Top 5 Reasons You Need to Eat at Skipper Canteen
When you’re at Magic Kingdom, you’ll have plenty of dining choices. You can grab and go at several marvelous Quick Service restaurants, or you can sit down and luxuriate at one of their joyous Table Service settings. In the latter category, one of the restaurants is a hysterical extension of a beloved Disney attraction. Here are five reasons to eat at Jungle Navigation Co. Ltd. Skipper Canteen.
Since the inception of Disneyland in 1955, Adventureland has carried a certain mystique about Disney fanatics. When Magic Kingdom opened in 1971, the Florida version translated and updated that idea of daring exploits in faraway lands. At both parks, Jungle Cruise was an opening day attraction that anchored Adventureland. It’s a beloved ride with a theme that is easily identifiable and tons of fun.
At Magic Kingdom, park planners sensed an opportunity to tap into the decades-only appeal of Jungle Cruise. They built an accompanying restaurant in Adventureland, albeit not right next to the attraction. When you exit Jungle Cruise, you’ll follow the main path through the themed land.
Along the way, you can look for a couple of markers to verify that you’re going the right way. You’ll see The Magic Carpets of Aladdin and Swiss Family Treehouse before you reach the restaurant. It’ll definitely put you in the mood that you’ve traveled through exotic locales and are ready for some local cuisine.
Of course, you can reach the restaurant from Cinderella Castle hub, too. It’s not as great from a theming/escapism perspective, but it’s sure easy to find Skipper Canteen from here. On the left/west side of the hub, the one that connects to Liberty Square and Adventureland, you’ll discover three main paths.
The southwest one leads to The Crystal Palace. The northwest one has the connector bridge to Liberty Square. The pure west or middle path is the one to take to Adventureland. When you follow it, Skipper Canteen will be the first building on the right in the themed land. But it’s waaaay better to head there from Jungle Cruise. It’s a mood thing.
As part of the Jungle Cruise mythos, Imagineers gradually crafted a narrative involving the Society of Adventurers and Explorers (S.E.A.). It’s a special kind of storyline theming that has connections to several Disney attractions around the world. The underlying thought is that famous (but fictional) characters like Barnabas T. Bullion, Harrison Hightower III, Lord Henry Mystic, and Mary Oceaneer were all members of this exclusive club.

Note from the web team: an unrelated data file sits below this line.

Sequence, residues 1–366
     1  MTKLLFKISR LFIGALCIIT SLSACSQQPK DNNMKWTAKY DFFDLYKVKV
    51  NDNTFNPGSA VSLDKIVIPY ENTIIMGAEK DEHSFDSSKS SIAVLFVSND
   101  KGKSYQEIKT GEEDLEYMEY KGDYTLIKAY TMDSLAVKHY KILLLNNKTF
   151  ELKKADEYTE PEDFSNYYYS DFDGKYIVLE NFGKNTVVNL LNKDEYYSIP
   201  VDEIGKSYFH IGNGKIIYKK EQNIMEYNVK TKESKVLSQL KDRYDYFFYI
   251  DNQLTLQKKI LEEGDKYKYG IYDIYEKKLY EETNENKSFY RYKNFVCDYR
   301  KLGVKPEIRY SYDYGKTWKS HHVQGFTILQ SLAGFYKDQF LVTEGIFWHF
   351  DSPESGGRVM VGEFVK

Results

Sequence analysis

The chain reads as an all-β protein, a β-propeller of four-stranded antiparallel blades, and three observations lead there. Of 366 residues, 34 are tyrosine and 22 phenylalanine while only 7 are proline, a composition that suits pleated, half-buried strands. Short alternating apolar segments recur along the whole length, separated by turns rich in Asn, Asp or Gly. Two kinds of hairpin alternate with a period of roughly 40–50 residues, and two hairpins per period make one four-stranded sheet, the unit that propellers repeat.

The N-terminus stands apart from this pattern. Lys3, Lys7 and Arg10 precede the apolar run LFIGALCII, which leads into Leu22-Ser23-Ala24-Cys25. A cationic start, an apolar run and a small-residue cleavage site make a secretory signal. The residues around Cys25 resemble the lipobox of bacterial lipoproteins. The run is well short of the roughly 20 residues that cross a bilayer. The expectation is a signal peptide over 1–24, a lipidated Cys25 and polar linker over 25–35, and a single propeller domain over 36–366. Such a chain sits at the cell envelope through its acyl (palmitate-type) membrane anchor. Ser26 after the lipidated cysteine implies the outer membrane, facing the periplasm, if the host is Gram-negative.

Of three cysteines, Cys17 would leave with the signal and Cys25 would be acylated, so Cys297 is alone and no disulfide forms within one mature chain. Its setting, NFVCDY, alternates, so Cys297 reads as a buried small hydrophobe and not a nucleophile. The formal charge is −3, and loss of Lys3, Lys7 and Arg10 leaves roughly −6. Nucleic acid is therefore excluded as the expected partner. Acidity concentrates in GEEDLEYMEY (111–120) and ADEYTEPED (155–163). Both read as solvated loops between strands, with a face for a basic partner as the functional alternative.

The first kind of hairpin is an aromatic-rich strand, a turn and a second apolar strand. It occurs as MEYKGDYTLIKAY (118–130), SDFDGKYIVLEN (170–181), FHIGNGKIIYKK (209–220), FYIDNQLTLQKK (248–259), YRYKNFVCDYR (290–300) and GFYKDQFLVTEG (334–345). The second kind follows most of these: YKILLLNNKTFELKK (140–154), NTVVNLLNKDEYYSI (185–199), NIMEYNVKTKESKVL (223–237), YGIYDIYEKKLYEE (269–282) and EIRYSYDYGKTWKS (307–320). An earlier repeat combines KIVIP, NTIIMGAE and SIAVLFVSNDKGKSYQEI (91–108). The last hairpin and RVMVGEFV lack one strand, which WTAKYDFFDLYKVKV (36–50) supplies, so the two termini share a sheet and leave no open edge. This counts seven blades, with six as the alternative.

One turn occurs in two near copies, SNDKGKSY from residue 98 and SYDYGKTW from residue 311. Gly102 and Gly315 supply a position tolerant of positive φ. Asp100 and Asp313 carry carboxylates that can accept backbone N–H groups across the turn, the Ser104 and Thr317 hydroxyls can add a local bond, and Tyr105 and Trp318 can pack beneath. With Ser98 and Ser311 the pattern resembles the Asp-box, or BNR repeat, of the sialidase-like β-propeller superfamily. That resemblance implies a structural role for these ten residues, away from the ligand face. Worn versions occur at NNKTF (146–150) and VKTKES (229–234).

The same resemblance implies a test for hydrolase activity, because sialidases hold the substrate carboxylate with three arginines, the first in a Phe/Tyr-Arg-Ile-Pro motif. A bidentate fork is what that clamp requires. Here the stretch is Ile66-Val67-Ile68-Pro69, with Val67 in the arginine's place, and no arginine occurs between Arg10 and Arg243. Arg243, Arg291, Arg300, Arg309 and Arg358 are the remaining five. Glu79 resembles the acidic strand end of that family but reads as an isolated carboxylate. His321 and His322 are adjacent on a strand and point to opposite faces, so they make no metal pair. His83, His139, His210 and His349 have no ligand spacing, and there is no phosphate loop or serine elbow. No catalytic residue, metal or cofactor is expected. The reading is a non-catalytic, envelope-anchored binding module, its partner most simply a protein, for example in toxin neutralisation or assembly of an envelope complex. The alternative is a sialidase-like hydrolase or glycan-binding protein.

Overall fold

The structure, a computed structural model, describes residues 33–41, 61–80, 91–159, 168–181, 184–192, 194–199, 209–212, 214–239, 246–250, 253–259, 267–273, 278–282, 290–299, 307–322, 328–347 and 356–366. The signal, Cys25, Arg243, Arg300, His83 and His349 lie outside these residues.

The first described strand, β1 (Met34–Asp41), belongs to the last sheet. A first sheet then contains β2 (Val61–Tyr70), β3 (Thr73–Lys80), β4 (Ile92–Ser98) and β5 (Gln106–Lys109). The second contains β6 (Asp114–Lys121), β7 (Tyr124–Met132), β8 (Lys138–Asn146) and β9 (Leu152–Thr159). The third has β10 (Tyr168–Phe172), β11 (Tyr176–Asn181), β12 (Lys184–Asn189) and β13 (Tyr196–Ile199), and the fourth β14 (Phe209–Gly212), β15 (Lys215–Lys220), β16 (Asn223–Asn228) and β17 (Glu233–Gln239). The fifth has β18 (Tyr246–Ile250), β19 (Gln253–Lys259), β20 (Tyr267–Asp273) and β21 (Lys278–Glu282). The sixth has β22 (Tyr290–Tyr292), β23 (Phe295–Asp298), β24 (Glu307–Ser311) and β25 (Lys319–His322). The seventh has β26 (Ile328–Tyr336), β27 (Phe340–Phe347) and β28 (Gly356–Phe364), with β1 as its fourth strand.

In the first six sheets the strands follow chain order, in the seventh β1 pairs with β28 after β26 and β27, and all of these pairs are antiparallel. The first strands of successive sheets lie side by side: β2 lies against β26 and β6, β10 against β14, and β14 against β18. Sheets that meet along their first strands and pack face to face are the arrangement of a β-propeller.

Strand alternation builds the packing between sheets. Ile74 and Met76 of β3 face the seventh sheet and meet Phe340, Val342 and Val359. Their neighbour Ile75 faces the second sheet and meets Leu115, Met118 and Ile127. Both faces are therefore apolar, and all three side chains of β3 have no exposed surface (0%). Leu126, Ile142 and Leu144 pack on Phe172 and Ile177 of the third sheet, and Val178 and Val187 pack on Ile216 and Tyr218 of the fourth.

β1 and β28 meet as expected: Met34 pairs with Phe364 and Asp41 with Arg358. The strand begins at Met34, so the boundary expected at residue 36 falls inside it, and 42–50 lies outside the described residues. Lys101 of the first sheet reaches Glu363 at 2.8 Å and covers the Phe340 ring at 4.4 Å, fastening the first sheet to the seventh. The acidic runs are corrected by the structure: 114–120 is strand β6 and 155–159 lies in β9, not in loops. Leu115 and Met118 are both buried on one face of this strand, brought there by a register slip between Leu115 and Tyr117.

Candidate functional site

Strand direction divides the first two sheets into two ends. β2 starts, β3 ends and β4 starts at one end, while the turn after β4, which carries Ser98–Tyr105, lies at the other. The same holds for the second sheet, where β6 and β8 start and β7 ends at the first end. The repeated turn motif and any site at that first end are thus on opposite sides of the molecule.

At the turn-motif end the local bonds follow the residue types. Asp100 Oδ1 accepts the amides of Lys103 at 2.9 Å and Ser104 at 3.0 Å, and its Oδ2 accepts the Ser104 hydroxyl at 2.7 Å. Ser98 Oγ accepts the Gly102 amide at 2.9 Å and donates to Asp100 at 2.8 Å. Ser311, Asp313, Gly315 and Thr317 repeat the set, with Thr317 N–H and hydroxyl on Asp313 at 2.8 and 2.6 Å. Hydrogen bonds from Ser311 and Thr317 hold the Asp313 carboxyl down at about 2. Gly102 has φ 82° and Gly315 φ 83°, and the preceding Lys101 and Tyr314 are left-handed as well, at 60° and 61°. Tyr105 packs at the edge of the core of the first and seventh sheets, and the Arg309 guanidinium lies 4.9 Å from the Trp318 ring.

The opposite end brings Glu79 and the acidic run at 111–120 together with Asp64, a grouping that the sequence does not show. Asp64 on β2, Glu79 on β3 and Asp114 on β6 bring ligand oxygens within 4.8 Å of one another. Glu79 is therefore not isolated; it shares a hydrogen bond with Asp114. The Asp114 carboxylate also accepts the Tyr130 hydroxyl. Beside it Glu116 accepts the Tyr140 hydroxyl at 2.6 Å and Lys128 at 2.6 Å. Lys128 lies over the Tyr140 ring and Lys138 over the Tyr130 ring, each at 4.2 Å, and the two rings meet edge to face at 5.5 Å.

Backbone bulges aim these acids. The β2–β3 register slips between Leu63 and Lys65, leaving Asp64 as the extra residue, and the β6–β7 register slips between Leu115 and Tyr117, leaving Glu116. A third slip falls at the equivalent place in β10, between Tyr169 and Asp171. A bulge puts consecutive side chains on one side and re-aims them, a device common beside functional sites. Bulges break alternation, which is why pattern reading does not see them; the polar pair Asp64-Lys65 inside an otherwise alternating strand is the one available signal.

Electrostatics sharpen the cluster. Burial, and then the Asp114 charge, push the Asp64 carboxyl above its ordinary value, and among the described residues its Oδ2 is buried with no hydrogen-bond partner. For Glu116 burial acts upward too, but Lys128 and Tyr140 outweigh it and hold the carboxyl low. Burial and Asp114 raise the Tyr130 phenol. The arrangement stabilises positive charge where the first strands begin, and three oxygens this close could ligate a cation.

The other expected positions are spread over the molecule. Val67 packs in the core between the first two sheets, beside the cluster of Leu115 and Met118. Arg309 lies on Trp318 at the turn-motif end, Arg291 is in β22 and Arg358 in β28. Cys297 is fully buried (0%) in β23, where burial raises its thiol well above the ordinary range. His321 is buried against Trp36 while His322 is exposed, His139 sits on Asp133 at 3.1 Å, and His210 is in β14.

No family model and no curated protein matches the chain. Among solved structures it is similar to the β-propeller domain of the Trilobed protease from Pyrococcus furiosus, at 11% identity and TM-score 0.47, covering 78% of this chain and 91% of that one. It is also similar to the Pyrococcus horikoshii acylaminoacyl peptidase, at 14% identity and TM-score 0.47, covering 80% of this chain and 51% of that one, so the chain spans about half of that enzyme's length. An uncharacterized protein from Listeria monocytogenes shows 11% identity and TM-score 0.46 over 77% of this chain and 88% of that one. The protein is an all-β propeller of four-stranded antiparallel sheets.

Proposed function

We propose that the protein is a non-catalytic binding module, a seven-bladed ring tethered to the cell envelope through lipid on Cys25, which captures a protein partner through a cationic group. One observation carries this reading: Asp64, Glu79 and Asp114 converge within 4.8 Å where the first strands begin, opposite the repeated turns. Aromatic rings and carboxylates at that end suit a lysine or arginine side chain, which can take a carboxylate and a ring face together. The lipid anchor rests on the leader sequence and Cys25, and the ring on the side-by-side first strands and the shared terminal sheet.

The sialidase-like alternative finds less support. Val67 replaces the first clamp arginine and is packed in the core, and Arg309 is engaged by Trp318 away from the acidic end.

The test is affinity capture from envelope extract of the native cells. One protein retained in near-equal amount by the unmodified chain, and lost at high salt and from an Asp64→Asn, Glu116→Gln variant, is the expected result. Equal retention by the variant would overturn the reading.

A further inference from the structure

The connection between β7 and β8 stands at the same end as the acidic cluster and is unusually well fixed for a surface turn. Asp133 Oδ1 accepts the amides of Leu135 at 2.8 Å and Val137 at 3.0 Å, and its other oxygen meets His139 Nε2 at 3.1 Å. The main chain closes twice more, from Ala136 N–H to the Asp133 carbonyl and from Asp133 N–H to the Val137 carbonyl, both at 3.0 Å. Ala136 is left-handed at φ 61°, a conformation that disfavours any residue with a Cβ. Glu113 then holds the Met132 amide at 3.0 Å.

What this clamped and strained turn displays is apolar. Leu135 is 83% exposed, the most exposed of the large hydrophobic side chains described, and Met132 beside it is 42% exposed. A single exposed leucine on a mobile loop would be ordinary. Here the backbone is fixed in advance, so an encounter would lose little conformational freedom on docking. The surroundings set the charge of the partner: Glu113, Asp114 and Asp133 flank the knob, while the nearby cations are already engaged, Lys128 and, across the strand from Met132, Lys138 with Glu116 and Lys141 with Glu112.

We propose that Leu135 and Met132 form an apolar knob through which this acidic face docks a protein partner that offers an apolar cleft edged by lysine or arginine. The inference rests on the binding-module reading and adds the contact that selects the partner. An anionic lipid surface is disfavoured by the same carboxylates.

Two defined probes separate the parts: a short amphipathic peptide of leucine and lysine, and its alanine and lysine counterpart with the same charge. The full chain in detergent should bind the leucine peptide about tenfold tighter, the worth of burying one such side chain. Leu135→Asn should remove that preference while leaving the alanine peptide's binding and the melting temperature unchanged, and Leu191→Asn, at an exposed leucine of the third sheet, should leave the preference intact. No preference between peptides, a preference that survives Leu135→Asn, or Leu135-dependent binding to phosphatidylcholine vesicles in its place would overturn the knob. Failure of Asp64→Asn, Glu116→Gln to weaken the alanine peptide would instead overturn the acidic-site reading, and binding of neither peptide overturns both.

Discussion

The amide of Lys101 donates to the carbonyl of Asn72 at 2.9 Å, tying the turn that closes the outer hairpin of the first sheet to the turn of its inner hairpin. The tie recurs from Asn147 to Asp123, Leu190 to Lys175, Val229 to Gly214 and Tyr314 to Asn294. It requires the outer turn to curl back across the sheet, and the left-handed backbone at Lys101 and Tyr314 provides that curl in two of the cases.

While Disney aficionados will recognize several of those names, the most famous one is Dr. Albert Falls, the namesake of Schweitzer Falls. Yes, he’s the subject of that terrible pun that you’ve groaned at several times over the years. He also established the Jungle Navigation Company, which transported goods to and from the most remote parts of adventurer’s paradises. His granddaughter Alberta is the one who started Jungle Cruise in the first place.
The Jungle Navigation Company has many employees, and those folks all need a place to eat. That’s where the restaurant comes into play. The theme here is that the food stems from the places serviced by the company. Those are Africa, Asia, and South America. And we’ll discuss the glory of these menu items in just a moment. We’re still not done with the theming, though.
The Funniest Restaurant Cast at Walt Disney World
The signature portion of the Skipper Canteen meal experience is the dialogue. Disney cast members have crafted a scripted narrative akin to the one that you know and love on Jungle Cruise. From the moment you are introduced to your server, you’ll hear the spiel. It’s as pun-intensive and hilarious as you’d expect. You do have the right to skip this if you’re not in the mood for comedy. Simply tell the host/hostess at check-in that you’re not looking for laughs.